The potential of a great work lies within this ninety minutes of solemn and deeply sincere dance theatre. Fractus V is – unsurprisingly – fronted by five dancers, brought up in different styles, each possessing extraordinary movement qualities and matched by four musicians who bring very different virtuoso sounds to this unique collaboration. Taken together, here are nine men from nine nations whose individual contributions are mixed to form a global tapestry made from the building blocks of their indigenous artistic influences. It should have been a heady cocktail but that it is not a great work, merely a very good one, is entirely due to allowing self-indulgence to run unchecked in an episodic production, comprising over-long sequences that make the same point over and over again.  

© Filip VanRoe
© Filip VanRoe

Three sequences are especially in need of an edit. Sidi Larbi Cherkaoui has a predilection for including building structures as a key element of his work and, for awhile, the performers here appear to moonlight as carpet-fitters in a long sequence that has them laying large triangular-shaped panels edge-to-edge, as if constructing a giant jigsaw of a dance floor. The assembled shapes on the stage were not visible from the front rows of the stalls and so – to be blunt – it was no more interesting than watching workmen laying a laminate floor! In a highly predictable sequence, the panels were then placed upright in a precise semi-circular pattern before being cascaded down, “domino-style”, to knock the seated Cherkaoui off his chair - and off the stage - lying on the floor by the feet of some bemused audience members in row AA for some time before re-emerging.     

Two other sections, both parodying violence, were fascinating up to a point but they were overdone and easily surpassed the boredom determinant. In the first, Cherkaoui sat downstage, fiddling with what seemed to be a remote control, while, behind him, Dimitri Jourde was shot repeatedly by the other three men, his body reacting acrobatically to the imagined bullets biting into his flesh; later, the hip hop specialist, Patrick Williams Seebacher (known as Twoface in the world of street battles) bestrode the stage like a bullying colossus, doling out a “mock” beating to the other four dancers with punches, kicks and head-butts to every conceivable part of their anatomies. As with the gunshots, the movement quality of the four men being beaten (often in slow motion) was extraordinarily acrobatic as they crumpled into incredible positions; and it is clear that Cherkaoui used this faux violence to evidence his view of a fractured society. Some nervous laughter accompanied an eye-watering kick between the legs, but for the most part it was distinctly uncomfortable viewing; and although this was clearly the intention, it was a point that had been well made some time before the “beatings” ended.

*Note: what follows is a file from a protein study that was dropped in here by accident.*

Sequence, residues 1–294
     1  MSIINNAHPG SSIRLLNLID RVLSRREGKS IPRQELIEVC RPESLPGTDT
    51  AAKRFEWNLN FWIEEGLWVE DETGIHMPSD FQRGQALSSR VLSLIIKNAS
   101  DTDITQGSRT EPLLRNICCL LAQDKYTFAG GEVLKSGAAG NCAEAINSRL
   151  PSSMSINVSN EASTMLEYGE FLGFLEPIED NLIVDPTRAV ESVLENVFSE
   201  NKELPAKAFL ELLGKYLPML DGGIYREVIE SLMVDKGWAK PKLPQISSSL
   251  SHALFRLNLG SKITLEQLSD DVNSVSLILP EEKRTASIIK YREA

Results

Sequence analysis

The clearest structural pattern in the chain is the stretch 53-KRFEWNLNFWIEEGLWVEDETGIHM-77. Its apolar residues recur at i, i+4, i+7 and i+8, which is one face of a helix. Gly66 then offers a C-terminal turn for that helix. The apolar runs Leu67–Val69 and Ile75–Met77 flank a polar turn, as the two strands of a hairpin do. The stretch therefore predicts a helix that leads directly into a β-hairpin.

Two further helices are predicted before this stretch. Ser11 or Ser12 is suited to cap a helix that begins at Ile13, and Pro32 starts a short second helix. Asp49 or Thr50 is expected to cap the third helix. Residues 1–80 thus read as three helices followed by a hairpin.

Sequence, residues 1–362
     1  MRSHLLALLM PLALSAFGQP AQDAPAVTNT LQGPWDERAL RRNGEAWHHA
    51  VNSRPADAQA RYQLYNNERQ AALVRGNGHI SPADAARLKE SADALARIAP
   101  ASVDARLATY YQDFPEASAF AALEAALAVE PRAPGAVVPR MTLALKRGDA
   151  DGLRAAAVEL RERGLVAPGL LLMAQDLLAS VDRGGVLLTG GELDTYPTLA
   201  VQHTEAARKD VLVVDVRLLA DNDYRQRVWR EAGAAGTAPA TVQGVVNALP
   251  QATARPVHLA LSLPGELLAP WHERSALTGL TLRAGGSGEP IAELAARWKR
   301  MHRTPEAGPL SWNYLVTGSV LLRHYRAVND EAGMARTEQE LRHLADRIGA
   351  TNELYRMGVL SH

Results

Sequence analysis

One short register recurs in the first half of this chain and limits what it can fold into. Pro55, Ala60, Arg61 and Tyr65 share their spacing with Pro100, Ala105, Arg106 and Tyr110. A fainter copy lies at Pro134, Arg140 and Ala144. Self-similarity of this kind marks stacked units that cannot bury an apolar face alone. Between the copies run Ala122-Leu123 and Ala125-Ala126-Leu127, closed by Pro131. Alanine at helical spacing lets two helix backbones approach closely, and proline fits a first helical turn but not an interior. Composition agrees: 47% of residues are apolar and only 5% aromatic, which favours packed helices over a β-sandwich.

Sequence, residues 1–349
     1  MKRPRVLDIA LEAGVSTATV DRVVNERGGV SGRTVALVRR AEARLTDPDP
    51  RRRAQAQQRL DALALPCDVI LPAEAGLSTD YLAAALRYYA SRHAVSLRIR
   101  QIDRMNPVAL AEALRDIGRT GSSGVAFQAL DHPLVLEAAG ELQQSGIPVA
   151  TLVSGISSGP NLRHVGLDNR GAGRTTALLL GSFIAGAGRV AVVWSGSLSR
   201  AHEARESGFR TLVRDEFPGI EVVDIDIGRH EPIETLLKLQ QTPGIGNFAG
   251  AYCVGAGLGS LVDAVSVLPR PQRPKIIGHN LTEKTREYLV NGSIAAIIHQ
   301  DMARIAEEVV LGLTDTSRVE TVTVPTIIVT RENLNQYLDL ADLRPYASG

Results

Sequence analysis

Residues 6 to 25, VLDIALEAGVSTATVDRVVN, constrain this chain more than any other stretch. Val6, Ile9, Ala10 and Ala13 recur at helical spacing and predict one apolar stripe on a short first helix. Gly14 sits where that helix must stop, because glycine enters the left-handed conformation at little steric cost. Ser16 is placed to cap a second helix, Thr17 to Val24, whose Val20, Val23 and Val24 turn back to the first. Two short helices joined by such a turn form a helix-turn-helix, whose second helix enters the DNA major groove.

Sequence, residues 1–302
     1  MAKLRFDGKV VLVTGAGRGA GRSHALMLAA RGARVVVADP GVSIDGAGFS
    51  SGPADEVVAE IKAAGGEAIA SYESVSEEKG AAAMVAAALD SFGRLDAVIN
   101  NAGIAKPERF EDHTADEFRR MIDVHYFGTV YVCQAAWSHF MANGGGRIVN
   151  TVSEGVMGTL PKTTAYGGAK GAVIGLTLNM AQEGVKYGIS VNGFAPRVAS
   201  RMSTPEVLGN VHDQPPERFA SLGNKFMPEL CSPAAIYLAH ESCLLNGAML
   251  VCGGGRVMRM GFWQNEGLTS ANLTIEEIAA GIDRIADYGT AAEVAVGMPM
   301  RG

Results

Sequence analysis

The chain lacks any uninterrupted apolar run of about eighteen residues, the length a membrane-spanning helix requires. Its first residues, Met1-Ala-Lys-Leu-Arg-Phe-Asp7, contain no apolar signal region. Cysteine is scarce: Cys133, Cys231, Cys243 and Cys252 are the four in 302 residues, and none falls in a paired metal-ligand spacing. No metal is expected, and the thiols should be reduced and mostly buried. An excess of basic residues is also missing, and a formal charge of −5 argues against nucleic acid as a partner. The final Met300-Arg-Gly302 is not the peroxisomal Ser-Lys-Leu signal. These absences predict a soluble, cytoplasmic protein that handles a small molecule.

Some – often vaguely-heard – repeated political statements were part of the soundscape and these were the utterings of Noam Chomsky, a political activist and philosopher who argues for the necessity of an independent mind to overcome the daily diet of propaganda and media manipulation.

© Filip VanRoe
© Filip VanRoe
Railing against indoctrination is a valiant and ever-appropriate message and clearly – when one reads the programme notes – it is the fundamental inspiration for Cherkaoui’s latest work but it seemed to be an intention buried subliminally in the text and not boldly articulated in the headlines of this piece.

Eastman – a company, set up in 2010, as a production vehicle for Cherkaoui’s work – has assembled a mature equivalent of the BalletBoyz in an ensemble that is all-male and of a certain age: incredibly – given their fluid athleticism and hyperflexibility - Jourde is 41, Cherkaoui, 40, and the multi-talented jazz and lindy-hop dancer, Johnny Lloyd celebrated his 40th birthday on the day following these Sadler’s Wells’ shows. Fractus V is a testosterone-filled performance that is counter-intuitive to today’s cry for more gender diversity in dance. We already have the aforementioned Boyz and the famed Les Ballets Trockadero de Monte Carlo, (a touring ballet company where men play both ballerinas and their partners). Set against these permanent examples of all-male dance companies, the only all-female equivalents I can immediately think of are Pan’s People and Lea Anderson’s The Cholmondeleys – both long since disbanded! 

Though I prickle at seeing yet another all-male show, these five guys are amazing dancers:  Cherkaoui performs a trade-mark rubbery, fluid solo and he and Fabian Thome Duten – a comparative youngster at 35 - use the triangular floorboards to stamp out a glorious flamenco duel as if a pair of dancing Andalusian bookends at either side of the stage. The four musicians (from Japan, Korea, India and Congo) combine to produce unique sounds and all nine performers end the show together in a beautiful polyphonic song. 

© Filip Van Roe
© Filip Van Roe

Cherkaoui must have a claim to be the most versatile dancer in the world; his crossovers into many dance and movement genres are legendary, from the Kung-Fu of Shaolin Monks to Argentine Tango, Ballet, Kuchipudi and Flamenco – a dance form in which he had already shown considerable expertise in Dunas (back in 2009, with María Pagés). He is the master of breaking down boundaries to create innovation from the fusion of dance styles and the gaps in between. Although it is in need of an edit, Fractus V continues this journey of enquiry into the expanded possibilities of dance. It is an exciting adventure from this man of all talents.